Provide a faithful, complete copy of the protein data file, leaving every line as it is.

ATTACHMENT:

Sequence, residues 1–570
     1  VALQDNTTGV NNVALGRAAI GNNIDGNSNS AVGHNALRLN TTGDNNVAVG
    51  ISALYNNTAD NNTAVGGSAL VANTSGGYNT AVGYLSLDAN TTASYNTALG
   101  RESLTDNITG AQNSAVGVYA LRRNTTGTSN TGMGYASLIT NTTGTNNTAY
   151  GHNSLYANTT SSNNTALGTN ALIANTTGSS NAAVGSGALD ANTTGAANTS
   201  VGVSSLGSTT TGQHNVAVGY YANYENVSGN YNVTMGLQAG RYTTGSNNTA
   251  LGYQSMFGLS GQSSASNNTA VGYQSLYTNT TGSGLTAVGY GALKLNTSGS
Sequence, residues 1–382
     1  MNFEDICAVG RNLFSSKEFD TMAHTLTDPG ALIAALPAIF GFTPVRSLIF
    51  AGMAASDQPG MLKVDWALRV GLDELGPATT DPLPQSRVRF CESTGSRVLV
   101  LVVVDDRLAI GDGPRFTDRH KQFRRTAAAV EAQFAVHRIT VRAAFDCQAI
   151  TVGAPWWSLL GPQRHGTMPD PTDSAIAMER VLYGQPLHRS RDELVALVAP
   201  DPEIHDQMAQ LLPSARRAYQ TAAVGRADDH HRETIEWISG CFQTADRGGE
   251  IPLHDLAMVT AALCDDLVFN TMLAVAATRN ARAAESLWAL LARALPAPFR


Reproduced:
Sequence, residues 1–570
     1  VALQDNTTGV NNVALGRAAI GNNIDGNSNS AVGHNALRLN TTGDNNVAVG
    51  ISALYNNTAD NNTAVGGSAL VANTSGGYNT AVGYLSLDAN TTASYNTALG
   101  RESLTDNITG AQNSAVGVYA LRRNTTGTSN TGMGYASLIT NTTGTNNTAY
   151  GHNSLYANTT SSNNTALGTN ALIANTTGSS NAAVGSGALD ANTTGAANTS
   201  VGVSSLGSTT TGQHNVAVGY YANYENVSGN YNVTMGLQAG RYTTGSNNTA
   251  LGYQSMFGLS GQSSASNNTA VGYQSLYTNT TGSGLTAVGY GALKLNTSGS
Sequence, residues 1–382
     1  MNFEDICAVG RNLFSSKEFD TMAHTLTDPG ALIAALPAIF GFTPVRSLIF
    51  AGMAASDQPG MLKVDWALRV GLDELGPATT DPLPQSRVRF CESTGSRVLV
   101  LVVVDDRLAI GDGPRFTDRH KQFRRTAAAV EAQFAVHRIT VRAAFDCQAI
   151  TVGAPWWSLL GPQRHGTMPD PTDSAIAMER VLYGQPLHRS RDELVALVAP
   201  DPEIHDQMAQ LLPSARRAYQ TAAVGRADDH HRETIEWISG CFQTADRGGE
   251  IPLHDLAMVT AALCDDLVFN TMLAVAATRN ARAAESLWAL LARALPAPFR